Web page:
Having engineered what may be the biggest upward transfer of wealth in US history, Republicans are coming after the crumbs left on the table. They are optimistic about reconciling the House and Senate bills in conference committee and anxious to move on dismantling the social safety net.
They see no irony in saying ‘reforms’ must be made to food stamps, Medicare, and social security to reduce America’s deficit after crafting legislation exploding that same deficit by more than a billion dollars over the next decade.
House Speaker Paul D. Ryan (R-Wis.) went on talk radio this week to say congressional Republicans will aim next year to reduce spending on both federal health care and anti-poverty programs.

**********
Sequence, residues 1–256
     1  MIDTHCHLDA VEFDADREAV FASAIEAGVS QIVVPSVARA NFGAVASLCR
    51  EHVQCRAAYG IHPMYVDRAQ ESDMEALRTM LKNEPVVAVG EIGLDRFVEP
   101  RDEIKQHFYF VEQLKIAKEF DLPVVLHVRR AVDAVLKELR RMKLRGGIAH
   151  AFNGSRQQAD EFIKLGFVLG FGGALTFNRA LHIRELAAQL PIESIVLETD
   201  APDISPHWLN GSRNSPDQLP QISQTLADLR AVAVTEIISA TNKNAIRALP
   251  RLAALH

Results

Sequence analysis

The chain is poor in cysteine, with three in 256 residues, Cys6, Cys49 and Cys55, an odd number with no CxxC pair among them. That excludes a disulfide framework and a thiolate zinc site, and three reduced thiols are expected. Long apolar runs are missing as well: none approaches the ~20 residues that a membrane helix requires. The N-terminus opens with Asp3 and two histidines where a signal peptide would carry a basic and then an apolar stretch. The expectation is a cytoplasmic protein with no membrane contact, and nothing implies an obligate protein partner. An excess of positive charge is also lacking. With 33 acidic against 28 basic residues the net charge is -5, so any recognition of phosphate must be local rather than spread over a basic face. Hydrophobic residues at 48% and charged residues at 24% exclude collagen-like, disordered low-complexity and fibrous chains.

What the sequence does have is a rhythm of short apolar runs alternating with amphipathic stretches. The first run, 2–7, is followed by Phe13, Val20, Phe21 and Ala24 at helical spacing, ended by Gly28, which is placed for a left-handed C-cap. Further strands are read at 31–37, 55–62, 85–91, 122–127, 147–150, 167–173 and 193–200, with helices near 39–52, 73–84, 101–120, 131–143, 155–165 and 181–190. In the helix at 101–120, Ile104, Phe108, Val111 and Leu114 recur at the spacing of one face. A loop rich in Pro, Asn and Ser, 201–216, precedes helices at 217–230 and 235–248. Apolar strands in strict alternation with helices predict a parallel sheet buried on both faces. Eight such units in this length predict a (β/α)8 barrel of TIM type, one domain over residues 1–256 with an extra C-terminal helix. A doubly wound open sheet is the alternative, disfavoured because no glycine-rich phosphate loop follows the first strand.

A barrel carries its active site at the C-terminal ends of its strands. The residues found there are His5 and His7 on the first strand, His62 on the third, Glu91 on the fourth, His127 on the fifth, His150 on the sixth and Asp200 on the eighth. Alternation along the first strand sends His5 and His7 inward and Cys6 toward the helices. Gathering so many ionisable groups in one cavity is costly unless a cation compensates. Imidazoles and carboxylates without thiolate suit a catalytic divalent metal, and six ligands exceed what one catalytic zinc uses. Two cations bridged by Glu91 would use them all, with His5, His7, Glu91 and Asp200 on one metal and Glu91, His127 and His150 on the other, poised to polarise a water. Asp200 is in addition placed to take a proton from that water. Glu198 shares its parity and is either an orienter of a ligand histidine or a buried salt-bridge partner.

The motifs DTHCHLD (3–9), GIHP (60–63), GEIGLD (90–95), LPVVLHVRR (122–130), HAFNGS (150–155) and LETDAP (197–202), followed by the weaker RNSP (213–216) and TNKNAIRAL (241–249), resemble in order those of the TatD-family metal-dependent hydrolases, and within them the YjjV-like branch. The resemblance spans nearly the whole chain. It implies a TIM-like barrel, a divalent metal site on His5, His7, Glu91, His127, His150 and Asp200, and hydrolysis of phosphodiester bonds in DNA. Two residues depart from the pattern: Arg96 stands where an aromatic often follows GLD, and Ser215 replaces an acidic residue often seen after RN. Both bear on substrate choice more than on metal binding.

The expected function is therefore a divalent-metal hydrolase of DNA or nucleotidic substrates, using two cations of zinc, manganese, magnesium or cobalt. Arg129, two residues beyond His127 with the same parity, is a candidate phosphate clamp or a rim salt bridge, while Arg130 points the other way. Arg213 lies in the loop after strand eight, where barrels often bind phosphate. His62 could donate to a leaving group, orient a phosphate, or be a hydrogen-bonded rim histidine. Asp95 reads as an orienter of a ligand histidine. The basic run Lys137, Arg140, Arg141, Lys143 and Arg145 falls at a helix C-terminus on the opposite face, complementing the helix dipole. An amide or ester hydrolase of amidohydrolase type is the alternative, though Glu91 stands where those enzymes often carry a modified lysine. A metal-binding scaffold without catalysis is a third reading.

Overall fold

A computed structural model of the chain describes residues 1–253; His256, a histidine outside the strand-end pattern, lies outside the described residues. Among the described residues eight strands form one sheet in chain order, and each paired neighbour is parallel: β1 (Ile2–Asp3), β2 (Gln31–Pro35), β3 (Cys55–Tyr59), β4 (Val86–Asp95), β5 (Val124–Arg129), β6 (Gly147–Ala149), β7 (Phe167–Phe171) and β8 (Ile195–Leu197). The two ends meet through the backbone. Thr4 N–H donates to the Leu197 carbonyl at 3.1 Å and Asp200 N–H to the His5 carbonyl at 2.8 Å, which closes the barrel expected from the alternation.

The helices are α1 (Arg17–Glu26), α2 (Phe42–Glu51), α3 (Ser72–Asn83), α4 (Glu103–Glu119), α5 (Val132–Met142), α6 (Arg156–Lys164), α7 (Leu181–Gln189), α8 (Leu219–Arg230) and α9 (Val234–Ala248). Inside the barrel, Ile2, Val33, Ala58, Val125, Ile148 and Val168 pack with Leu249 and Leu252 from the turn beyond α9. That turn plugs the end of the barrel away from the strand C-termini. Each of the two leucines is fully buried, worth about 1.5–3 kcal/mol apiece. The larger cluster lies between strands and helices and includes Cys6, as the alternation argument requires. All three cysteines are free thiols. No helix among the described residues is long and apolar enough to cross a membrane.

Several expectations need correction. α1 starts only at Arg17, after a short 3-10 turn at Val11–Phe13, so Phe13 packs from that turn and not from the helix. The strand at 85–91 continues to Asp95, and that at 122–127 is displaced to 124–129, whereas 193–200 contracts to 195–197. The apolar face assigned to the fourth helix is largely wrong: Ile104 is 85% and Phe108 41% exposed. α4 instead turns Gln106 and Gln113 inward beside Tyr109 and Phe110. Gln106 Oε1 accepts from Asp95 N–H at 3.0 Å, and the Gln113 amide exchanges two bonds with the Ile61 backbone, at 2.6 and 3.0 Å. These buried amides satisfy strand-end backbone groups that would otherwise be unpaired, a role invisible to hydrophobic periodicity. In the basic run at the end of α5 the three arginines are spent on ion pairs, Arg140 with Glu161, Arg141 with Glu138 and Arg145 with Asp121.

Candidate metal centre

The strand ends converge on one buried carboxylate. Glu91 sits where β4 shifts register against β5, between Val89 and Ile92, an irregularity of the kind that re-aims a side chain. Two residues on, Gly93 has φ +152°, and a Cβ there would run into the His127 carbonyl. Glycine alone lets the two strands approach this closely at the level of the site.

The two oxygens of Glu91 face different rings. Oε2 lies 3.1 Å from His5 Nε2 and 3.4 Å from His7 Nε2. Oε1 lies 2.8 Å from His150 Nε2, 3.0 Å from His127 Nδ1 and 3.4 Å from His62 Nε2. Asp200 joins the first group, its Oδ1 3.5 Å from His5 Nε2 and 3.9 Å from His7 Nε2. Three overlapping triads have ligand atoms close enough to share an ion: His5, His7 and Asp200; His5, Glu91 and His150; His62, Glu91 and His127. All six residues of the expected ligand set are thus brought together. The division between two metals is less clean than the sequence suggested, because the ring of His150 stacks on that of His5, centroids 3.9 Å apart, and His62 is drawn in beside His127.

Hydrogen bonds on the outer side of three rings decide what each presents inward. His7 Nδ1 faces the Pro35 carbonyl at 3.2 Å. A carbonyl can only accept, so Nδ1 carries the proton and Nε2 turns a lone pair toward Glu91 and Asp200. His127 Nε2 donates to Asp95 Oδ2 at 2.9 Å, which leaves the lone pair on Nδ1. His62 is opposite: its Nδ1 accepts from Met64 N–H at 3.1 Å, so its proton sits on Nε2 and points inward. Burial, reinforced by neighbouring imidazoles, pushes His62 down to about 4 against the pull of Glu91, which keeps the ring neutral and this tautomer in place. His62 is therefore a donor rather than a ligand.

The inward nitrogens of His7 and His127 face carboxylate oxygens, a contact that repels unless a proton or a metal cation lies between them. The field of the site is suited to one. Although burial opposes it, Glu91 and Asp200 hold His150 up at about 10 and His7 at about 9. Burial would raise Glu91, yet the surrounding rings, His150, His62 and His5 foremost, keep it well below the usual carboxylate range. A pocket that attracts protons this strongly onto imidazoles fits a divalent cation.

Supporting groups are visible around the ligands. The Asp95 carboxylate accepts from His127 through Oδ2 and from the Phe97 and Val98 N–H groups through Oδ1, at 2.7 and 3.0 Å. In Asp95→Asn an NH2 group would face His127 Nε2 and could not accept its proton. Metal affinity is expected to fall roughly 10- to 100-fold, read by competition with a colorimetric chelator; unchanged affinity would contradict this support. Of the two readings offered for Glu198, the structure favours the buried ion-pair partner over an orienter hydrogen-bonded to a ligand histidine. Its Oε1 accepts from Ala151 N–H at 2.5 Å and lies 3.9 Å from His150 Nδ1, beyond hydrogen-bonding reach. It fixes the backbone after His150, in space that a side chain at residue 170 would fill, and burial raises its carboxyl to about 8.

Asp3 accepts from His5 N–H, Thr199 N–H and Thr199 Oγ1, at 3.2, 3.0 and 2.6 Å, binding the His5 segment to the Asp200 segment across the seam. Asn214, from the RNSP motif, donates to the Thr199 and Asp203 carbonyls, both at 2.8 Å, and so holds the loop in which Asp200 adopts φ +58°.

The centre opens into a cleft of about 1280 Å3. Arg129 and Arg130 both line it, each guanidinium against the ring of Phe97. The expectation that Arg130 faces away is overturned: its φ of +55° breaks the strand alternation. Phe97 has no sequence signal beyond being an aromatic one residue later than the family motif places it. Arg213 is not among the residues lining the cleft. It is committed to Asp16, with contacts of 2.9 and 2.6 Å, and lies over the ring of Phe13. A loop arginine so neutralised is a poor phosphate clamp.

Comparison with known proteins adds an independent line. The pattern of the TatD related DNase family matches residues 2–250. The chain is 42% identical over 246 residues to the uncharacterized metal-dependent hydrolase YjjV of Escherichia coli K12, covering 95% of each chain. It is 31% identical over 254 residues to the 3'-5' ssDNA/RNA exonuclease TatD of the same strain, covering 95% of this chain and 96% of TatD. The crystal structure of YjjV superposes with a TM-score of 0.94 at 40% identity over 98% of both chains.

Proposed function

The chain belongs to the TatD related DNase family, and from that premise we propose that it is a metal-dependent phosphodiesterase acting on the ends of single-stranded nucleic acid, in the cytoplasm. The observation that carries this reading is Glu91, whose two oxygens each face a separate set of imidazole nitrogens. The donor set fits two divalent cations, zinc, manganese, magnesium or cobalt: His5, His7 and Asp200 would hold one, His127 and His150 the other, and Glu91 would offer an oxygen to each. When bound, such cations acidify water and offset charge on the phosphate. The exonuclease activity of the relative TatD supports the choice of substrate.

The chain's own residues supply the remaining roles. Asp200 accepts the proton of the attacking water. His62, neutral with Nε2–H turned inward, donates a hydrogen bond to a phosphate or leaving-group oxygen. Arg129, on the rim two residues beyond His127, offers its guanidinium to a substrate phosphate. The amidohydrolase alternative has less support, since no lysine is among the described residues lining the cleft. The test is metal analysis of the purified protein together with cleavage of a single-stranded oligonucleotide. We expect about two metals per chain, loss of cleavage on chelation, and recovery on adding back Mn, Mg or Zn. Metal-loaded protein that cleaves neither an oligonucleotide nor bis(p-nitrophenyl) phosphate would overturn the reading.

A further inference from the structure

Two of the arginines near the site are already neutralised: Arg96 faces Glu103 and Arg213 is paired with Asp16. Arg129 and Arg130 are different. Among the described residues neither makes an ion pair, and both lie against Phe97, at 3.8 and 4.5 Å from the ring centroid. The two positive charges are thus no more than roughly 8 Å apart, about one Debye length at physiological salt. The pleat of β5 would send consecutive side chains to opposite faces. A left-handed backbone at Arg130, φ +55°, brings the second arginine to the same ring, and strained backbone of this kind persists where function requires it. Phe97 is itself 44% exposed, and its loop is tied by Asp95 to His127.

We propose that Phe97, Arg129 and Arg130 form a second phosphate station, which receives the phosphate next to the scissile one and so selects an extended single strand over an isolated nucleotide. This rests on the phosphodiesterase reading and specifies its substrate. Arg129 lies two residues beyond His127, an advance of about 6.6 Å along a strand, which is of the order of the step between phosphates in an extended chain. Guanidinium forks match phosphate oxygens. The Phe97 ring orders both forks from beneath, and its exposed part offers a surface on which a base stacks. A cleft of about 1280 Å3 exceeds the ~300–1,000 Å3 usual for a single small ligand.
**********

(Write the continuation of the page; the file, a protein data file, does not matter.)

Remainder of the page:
From the Washington Post:
Ryan’s remarks add to the growing signs that top Republicans aim to cut government spending next year. Republicans are close to passing a tax bill nonpartisan analysts say would increase the deficit by at least $1 trillion over a decade. Trump recently called on Congress to move to cut welfare spending after the tax bill, and Senate Republicans have cited the need to reduce the national deficit while growing the economy.
“You also have to bring spending under control. And not discretionary spending. That isn’t the driver of our debt. The driver of our debt is the structure of Social Security and Medicare for future beneficiaries,” Sen. Marco Rubio (R-Fla.) said last week.
While whipping votes for the tax bill, Senate Finance Committee Chairman Orrin G. Hatch (R-Utah) attacked “liberal programs” for the poor and said Congress needed to stop wasting Americans’ money.